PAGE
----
Mr. Gordon Ellis reports
LUPAKA SUBMITS REQUEST FOR ARBITRATION CLAIM AGAINST THE REPUBLIC OF PERU
Lupaka Gold Corp. has completed the next step in its international arbitration claim against the Republic of Peru. The company has now submitted a request for arbitration in accordance with Article 36 of the Convention on the Settlement of Investment Disputes between States and Nationals of Other States (ICSID convention) and Article 824 of the free-trade agreement between Canada and the Republic of Peru. This announcement is a follow-up to Lupaka's earlier news releases on Dec. 16, 2019, regarding the filing of a notice of intent to submit a claim to arbitration and on Aug. 4, 2020, regarding Lupaka entering into a finance agreement for its arbitration claim under the Canada-Peru free-trade agreement (FTA). The request has been filed with ICSID in Washington, United States.
The dispute arises out of Peru's breaches of the FTA in relation to Lupaka's investments in Peru. More specifically, the dispute stems from the Republic of Peru's actions, namely the illegal acts of its subdivision, the Community of Paran, which illegally invaded Lupaka's project held through Invicta Mining Corp. (IMC) and set up a permanent blockade to the site, as well as from the lack of support from the Peruvian police force, prosecutors and central government officials to remove the illegal blockade and restore Lupaka's rights to its investment.
By September, 2018, IMC had developed approximately 3,000 metres of underground workings, secured community agreements from communities that own the superficial lands within the project area, completed a 29-kilometre access road sufficient to handle 40-tonne ore trucks and completed numerous metallurgical tests ranging in size from a few hundred to a few thousand tonnes. In September, 2018, IMC requested that the final inspection of the completed works take place to allow exploitation to begin.
In mid-October, 2018, just before the final inspection was to take place, the neighbouring community of Paran's gunmen forced IMC's personnel from the project's area, including from its offices located at the camp and erected a blockade, thereby preventing access to the mine and camp. The blockade was erected on the road built by the mining company and on the community of Lacsanga's recorded property. IMC has existing agreements with the community of Lacsanga. The community of Paran's blockade party was often violent and did not hesitate to fire rifles and threaten Lacsanga's community members and IMC's employees. Both Lacsanga and IMC requested that authorities assist to remove the blockade and restore access to the mine. This assistance was not provided.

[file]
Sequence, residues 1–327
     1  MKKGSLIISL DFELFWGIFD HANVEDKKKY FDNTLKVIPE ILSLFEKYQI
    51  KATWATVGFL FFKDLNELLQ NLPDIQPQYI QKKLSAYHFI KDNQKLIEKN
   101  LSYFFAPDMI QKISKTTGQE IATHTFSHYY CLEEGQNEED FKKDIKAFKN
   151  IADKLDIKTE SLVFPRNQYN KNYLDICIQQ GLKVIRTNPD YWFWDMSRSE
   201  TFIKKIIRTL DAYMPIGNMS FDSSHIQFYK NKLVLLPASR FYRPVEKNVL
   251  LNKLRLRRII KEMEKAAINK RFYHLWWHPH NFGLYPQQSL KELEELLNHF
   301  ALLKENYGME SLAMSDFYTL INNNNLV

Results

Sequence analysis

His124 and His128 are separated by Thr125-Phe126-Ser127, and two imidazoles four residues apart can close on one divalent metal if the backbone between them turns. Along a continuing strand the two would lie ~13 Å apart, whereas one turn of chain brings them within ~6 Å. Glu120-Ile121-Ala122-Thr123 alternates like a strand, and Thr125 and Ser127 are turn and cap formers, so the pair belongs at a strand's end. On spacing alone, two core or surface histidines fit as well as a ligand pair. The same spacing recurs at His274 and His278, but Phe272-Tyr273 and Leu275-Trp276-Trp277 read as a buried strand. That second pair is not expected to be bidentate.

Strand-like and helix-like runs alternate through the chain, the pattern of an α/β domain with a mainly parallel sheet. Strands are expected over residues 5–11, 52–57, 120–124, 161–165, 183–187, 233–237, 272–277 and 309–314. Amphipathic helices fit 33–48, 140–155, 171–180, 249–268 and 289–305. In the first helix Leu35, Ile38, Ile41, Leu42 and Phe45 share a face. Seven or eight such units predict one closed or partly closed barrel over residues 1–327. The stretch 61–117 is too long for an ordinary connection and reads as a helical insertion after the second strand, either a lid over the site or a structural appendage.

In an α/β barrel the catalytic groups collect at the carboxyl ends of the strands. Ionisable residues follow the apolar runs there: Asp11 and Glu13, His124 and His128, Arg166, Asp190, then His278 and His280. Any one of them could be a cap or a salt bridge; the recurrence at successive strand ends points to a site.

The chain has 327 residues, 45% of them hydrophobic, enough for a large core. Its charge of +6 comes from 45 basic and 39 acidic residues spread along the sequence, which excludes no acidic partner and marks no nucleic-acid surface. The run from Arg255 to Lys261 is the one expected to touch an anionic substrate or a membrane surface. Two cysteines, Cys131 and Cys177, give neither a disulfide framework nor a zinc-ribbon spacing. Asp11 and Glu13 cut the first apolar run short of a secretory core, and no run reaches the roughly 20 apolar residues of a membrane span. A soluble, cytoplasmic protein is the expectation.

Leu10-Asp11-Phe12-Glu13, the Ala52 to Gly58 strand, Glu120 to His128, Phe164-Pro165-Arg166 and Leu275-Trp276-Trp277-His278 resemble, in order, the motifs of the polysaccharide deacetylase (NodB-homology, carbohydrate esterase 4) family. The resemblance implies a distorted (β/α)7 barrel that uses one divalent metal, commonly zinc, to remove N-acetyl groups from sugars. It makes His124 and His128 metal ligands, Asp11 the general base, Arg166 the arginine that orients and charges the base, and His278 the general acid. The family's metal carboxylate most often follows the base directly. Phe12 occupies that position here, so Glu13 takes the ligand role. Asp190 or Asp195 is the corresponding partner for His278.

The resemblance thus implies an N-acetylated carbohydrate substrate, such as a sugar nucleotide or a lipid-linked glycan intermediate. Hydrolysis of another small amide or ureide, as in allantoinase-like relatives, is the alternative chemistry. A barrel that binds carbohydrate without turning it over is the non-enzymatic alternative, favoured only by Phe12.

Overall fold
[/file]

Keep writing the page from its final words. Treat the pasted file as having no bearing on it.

Financing for IMC's development of the mine was provided through a gold loan. During the blockade period, Lupaka was scheduled to have been processing material, creating cash flow and paying down the loan. It was unable to do so because of the illegal blockade. Ultimately, 10 months later in August of 2019, with no apparent progress being made in the conflict, the lender foreclosed on the loan, and Lupaka lost its entire investment.
Lupaka's loss of IMC and the mine was a consequence of Peru's acts and omissions. Lupaka has therefore commenced arbitration proceedings against the Republic of Peru, seeking compensation in an amount in excess of $100-million (U.S.), to be further quantified during the course of the arbitration.
With respect to the arbitration proceedings, Lupaka is represented by the international law firm, Lalive, and has the financial backing of Bench Walk Advisors.
Lupaka Gold Corp.
Lupaka is an active Canadian-based company focused on creating shareholder value through identification and development of mining assets.
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